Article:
Tuesday, January 29, 2013

We Should All Be Hypocrites

I'm a hypocrite.

More to the point, I'm not ashamed to admit that I'm hypocrite.

To start this conversation, we all need to be on the same page about what we're talking about when I say "hypocrite". I don't go by the straight dictionary definition, because I don't think people mean the actual dictionary definition when they use this word.

According to dictionary.com, a hypocrite is a person who pretends to have virtues, moral or religious beliefs, principles, etc., that he or she does not actually possess, especially a person whose actions belie stated beliefs.  The only problem I have with that definition is the word "pretends".  What is the word for someone who actually has principles and beliefs but their actions go against the stated beliefs? I believe this person would still be called a hypocrite in the English language.

So, the simple definition to be used for the rest of this article for hypocrite is: a person who says one thing and does another.

And by that definition, I am a hypocrite. All Christians should be hypocrites.

Here's why: we're broken. I don't care how diligent, prayerful, and dedicated you are as a follower of Christ, you will sin. It is inevitable. That does not mean we just go about sinning, but it is a fact of life that we must accept. (Read Romans 6, and probably a few commentaries and Bible studies for the full import of this sentiment.)

What this means is that even though I stand on the Word of God as truth and perfect guidance, you will occasionally see me mess up. I may take out my bad mood on someone and yell at them. For that matter, I may be in a bad mood and just complain about life. (Philippians 2:14 if you want to reference that wrongdoing.)

My screw-up makes me human, not wrong. But, if I have spoken the truth of God and stated that I believe we should go through life without complaining or arguing, it also makes me a hypocrite.

I teach teenagers. When I teach them, I do my best to tell them what the Word of God says, what He wants them to do, how He wants them to live, and ways that they can live according to His desires. I believe what I am saying to them 100%.

They have seen me screw up. They have called me on it and together we've discussed what went wrong, how I could have done things differently, and what God says about it.

But what if you're not  a hypocrite. What does that mean? Well, it means one of two things.

1. Your life is perfect, or at least appears to be. If you have gotten so close to God that you truly do not sin anymore, I would seriously like to meet you and have you teach me some things. If you have managed to build the appearance of perfection, beware because that house of cards is going to fall down in shambles one day.


2. You aren't speaking the truths of the Bible. This is more likely the reason you aren't a hypocrite. Because in order to be a hypocrite you have to say one thing is true and then do something that belies that statement.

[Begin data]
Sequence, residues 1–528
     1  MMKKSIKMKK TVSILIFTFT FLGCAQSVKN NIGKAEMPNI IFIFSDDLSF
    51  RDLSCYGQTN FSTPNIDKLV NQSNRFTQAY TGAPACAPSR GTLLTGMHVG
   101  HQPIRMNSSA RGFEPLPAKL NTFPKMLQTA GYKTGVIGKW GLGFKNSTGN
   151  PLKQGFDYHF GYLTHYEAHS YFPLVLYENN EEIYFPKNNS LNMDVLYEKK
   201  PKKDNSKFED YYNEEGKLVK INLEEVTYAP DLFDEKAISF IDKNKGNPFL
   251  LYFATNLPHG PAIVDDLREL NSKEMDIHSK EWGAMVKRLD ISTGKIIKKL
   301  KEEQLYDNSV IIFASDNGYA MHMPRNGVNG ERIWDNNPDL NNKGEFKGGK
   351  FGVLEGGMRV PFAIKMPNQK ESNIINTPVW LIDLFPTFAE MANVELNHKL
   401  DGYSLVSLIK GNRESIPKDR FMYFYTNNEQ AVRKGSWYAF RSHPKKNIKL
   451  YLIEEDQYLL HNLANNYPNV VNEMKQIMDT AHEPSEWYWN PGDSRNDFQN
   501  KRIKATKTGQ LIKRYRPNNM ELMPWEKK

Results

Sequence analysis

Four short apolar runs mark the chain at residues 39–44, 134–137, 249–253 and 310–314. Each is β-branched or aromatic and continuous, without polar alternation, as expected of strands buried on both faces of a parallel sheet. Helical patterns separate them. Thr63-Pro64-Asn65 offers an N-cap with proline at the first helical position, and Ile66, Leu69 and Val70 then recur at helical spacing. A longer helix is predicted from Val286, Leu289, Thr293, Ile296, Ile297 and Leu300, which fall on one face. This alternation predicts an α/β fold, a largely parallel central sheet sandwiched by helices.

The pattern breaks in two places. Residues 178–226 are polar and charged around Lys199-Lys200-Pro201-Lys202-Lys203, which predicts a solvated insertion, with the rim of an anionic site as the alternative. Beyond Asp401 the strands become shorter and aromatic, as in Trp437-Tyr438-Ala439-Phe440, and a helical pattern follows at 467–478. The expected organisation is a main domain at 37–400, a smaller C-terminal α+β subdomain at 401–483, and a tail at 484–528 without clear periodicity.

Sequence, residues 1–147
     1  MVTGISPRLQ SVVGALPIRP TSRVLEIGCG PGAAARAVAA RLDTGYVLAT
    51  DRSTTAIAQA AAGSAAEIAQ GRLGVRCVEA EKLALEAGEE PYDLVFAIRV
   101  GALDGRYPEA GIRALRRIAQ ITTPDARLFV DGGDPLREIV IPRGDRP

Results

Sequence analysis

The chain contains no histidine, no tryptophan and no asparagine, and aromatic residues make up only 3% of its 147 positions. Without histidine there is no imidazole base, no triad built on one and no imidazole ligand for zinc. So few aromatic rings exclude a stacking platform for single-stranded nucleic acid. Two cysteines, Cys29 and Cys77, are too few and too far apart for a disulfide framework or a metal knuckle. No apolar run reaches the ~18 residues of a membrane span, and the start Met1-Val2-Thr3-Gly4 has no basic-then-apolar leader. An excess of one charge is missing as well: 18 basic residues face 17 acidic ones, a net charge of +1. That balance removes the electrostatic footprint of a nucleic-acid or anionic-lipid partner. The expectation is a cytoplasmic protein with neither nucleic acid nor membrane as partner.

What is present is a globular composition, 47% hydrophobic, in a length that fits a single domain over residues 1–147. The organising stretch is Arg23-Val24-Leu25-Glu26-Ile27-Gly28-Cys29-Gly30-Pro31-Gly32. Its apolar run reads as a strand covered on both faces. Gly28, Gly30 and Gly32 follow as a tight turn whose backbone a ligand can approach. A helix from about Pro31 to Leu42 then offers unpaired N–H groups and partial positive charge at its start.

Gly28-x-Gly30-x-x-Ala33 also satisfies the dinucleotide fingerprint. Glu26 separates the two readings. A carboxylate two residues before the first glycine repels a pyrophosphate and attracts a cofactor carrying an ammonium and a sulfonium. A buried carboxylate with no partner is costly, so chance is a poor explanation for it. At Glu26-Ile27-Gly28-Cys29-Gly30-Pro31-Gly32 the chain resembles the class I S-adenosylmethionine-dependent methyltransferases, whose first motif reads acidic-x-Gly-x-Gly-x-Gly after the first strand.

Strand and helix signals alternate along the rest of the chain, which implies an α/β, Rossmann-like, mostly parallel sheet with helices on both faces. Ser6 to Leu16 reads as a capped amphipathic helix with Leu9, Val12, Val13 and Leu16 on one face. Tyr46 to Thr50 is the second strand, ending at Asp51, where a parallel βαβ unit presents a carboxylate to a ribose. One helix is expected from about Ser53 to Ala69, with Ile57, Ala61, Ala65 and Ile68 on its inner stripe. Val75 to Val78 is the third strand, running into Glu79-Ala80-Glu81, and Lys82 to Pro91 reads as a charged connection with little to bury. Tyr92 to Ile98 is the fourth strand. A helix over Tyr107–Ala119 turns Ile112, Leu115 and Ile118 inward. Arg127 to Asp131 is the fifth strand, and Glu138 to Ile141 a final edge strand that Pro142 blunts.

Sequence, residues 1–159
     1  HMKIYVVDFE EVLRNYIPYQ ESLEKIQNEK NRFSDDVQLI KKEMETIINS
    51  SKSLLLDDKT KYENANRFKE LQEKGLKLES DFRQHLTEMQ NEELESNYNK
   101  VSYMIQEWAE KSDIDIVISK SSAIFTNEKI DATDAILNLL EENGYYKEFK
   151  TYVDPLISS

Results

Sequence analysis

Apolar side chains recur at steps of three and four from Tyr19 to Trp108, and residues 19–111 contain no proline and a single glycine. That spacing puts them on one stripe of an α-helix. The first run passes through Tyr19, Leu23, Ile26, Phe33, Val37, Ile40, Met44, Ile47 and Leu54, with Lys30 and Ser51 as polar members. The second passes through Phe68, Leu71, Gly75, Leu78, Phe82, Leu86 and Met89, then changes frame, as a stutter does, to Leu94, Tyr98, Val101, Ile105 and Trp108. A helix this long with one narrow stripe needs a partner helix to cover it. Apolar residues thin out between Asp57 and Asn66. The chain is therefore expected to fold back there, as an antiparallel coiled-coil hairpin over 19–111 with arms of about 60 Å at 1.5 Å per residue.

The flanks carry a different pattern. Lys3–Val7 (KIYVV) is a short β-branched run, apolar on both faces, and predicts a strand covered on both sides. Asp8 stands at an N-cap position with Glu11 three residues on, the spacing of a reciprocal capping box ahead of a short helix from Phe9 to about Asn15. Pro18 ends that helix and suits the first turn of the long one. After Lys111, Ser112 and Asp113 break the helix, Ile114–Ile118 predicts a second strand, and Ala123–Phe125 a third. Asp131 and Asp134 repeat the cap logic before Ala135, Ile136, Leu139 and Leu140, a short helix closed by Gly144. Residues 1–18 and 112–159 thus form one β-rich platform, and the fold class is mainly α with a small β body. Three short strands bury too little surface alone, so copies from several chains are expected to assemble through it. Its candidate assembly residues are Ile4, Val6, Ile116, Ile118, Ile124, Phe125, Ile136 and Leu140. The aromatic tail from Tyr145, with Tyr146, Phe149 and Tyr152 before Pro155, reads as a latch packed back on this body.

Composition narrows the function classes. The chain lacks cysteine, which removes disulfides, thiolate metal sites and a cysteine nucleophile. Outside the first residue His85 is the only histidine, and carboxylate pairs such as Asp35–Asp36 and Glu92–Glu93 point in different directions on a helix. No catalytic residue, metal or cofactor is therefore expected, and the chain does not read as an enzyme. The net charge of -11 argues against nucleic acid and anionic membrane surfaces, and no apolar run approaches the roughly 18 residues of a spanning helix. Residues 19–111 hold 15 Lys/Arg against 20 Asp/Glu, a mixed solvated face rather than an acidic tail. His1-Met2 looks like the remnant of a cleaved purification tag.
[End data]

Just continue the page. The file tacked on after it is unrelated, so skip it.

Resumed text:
Often it's fear of being labeled a hypocrite that makes us hold our tongue and not tell people about the wonders of Jesus. But look at the opportunities you miss. Every time someone labels you "the H word" you have the opportunity to say, "Yes, you're right, and God loves me anyway. Isn't that amazing?"

Don't be afraid to be a hypocrite. Look at Peter. He was the ultimate hypocrite - denying Jesus three times only hours after committing to stand with him to the death. And yet Jesus said the church would be built on Peter's confession of faith.

Let me close with this. God isn't happy that we're hypocrites. He would prefer we live upright, blameless lives with no blemish on our souls. I would prefer that, too, and I try for it every day. But when I fall, I'm glad His grace is there to catch me, put me back on my feet, and tell me that His love never fails. And I'm glad I get to share that truth, too.

Friday, January 25, 2013

It's Not Worth It Until Someone's Willing to Pay ~ Life Lessons from Auctions

Last year Edvard Munch's artwork, The Scream, became the most expensive piece of art sold at auction selling for $119,922,500.

You can watch the video of the sale here. It's short and somewhat interesting to see how it works and how quickly $120 Million was spent.

That's a lot of money.

I like art. I took an art history class in college and really enjoyed it.  The Scream is one of those famous paintings I've always found, well, ugly. For someone, though, it's a piece of art they want to enjoy looking at so much that they dropped a record setting amount of money on it.

If you look into other off-the-chart options you'll find things like Marilyn Monroe's "Happy Birthday, Mr. President" dress, which sold for more than $1.2 million or one of Leonardo Da Vinci's journals that sold for a whopping $30.8 Million. (You can see more high auction prices here and here.)

Sometimes I understand the high price of certain auction items. Other times I'm left baffled.

Have you ever seen Antiques Roadshow? It's a PBS program where people bring in random things from their homes or families and experts tell them how much a particular item is worth. Most of the time, it isn't worth a whole lot, but every once in a while a special item comes along that gets a massive value tag. Owners get excited and you can tell that some of them are planning on auctioning the piece off as soon as they figure out how.

The thing is, that item, whatever it is, isn't really worth that much until someone is willing to pay it.

Recently the piano from Casablanca was sold. It was valued before the sale at $1.2 Million. But it wasn't really worth that much because the most anyone was willing to pay for it was $600,000. Half the anticipated value. Baseball cards, collectibles, art - all of these items get touted as being "worth" a certain amount of money. But if you go to sell it and no one will pay it... was it really worth that much?